Just try to put "Indignation" down — or forget it
"Indignation," Philip Roth's latest novel, is an audacious story of paranoia and tragic missteps set in the early years of the Korean War.
Special to The Seattle Times
Philip RothThe author
will discuss "Indignation" in a live webcast
at 5 p.m. Tuesday at
the Seattle location of University
by Philip Roth
Houghton Mifflin, 256 pp., $26
"Indignation," Philip Roth's intrepid novel of self-revelation, demands to be read in one sitting. It's that good. It's that audacious. It's that compelling.
At first, it looks as though the novel is a straightforward coming-of-age story set in 1952, the second year of the Korean War. But less than a fourth of the way into the book, Roth has a very big surprise in store for the reader — one that would trigger a spoiler alert.
It's indignation that drives 19-year-old Marcus Messner, an only child who demonstrates that "history is not the background — history is the stage" for his personal saga. Marcus' father, a kosher butcher, is paranoid, obsessed with the thought that deadly dangers threaten his son. Unable to express his own individuality while living at home and attending a college in downtown Newark, Marcus seeks solace hundreds of miles away at Winesburg College, a small Ohio-based liberal-arts school. Marcus learns early on that "the tiniest misstep can have tragic consequences."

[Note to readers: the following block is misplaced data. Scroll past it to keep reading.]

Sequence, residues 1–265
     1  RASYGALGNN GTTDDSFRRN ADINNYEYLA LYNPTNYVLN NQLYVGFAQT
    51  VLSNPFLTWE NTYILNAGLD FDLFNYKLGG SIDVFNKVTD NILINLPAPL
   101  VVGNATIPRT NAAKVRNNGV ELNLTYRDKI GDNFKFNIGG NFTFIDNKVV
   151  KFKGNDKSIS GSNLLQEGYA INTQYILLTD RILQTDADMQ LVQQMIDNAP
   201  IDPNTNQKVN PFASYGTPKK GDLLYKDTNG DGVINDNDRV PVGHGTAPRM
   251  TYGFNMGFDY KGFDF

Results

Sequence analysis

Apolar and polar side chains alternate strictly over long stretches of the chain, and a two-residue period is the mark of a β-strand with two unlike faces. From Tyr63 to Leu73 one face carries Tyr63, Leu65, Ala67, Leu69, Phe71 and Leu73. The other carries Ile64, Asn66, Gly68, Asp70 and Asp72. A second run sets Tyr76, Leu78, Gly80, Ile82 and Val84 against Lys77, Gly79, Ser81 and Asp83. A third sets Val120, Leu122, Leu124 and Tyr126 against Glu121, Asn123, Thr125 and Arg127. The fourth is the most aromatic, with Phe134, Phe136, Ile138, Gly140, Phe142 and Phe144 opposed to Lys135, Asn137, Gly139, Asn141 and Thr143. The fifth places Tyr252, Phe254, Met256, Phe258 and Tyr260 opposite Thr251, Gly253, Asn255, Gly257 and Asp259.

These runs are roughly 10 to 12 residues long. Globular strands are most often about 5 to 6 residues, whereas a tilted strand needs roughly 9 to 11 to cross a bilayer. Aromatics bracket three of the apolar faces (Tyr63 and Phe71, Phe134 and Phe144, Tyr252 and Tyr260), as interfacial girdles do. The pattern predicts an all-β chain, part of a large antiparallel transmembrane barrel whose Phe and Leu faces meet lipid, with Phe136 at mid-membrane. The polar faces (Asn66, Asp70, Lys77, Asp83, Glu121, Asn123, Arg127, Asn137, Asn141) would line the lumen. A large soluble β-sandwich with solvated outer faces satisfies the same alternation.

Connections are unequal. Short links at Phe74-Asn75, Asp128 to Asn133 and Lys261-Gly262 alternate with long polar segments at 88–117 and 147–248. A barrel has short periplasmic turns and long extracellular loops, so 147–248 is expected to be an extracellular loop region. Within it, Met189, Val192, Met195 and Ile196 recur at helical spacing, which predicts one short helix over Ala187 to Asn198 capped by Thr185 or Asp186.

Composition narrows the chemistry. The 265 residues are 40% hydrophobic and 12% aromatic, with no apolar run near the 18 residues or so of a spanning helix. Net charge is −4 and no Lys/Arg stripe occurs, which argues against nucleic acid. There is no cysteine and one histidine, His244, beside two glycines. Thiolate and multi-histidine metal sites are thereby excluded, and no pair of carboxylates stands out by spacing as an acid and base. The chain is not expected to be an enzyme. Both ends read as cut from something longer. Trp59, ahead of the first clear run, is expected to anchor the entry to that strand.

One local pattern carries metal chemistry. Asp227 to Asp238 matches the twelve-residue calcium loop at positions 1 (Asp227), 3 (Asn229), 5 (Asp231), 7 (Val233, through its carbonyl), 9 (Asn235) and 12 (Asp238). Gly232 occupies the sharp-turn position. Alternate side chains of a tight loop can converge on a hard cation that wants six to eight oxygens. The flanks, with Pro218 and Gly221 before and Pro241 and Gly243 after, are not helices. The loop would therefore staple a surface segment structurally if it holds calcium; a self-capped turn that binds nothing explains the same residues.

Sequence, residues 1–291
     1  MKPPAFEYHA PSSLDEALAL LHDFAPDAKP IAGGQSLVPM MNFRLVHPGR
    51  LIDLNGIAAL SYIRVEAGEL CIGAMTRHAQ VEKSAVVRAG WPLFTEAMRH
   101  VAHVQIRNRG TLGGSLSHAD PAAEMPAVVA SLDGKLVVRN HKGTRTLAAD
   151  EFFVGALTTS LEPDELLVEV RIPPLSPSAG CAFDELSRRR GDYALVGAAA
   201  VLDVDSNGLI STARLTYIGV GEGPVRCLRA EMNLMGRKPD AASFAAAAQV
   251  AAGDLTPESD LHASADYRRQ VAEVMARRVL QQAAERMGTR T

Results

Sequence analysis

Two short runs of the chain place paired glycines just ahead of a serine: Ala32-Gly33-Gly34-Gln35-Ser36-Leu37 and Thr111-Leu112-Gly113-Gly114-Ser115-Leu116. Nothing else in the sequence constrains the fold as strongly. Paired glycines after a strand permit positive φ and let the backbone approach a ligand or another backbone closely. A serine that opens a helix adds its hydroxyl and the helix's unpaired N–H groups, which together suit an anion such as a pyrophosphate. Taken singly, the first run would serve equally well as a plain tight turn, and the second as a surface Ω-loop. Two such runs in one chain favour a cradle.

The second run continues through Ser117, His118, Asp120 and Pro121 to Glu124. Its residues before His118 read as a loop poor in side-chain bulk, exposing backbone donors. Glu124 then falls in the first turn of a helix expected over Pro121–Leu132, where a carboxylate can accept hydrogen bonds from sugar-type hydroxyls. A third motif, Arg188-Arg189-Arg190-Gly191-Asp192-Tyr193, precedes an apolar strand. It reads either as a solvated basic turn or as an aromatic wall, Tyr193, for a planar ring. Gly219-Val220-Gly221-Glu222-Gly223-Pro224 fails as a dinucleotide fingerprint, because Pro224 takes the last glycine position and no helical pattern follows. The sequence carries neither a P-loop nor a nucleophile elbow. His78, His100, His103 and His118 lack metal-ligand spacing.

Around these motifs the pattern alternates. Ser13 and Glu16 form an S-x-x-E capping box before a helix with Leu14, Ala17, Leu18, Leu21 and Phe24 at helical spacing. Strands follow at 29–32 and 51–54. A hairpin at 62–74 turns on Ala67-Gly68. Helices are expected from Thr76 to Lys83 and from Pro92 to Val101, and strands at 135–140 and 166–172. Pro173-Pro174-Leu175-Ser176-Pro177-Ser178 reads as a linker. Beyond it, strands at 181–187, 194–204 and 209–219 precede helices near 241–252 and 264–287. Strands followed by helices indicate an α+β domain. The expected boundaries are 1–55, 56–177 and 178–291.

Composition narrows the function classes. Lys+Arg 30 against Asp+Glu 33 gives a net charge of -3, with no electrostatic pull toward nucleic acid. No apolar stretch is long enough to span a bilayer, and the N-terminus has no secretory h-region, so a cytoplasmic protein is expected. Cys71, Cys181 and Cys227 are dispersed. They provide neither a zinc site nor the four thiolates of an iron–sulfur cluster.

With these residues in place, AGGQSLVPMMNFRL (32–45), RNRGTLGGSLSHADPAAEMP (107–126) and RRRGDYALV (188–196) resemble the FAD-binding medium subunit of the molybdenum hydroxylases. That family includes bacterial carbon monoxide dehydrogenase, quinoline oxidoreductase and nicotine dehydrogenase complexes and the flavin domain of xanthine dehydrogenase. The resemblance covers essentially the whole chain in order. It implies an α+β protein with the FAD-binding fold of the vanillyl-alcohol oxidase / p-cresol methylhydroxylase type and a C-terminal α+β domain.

The first clue that something might be amiss is the title of the lengthy first section, "Under Morphine." The bulk of the novel's story is contained in this section. In essence, the whole novel is a "memory grotto" of Marcus' "recollected past" revolving around the consequences of his rebellious actions.
Marcus' problems at the Ohio college begin immediately. He cannot bear his roommates, especially one who plays Beethoven at top volume. After Marcus moves to a different room, another roommate insults one of Marcus' sexually forward dates, and Marcus feels compelled to move again, this time to "the worst room on the worst floor of the worst dorm."
These frequent moves elicit a summons from the dean of men, Hawes D. Caudwell. Marcus' discussion with the dean is infused with the precepts of Bertrand Russell. In one of the longest sequences of the novel, much is revealed about Marcus' vulnerability, his morals, his political and religious thinking. The dean excoriates Marcus for being "unable to reach a compromise with people." In fact, as a result of the conference with Caudwell, Marcus' involvement with another student leads to the devastating and revelatory resolution of the novel.
"Indignation" is impossible to put down until it's finished. Then, it's impossible to shake off the aftermath of this mesmerizing story.
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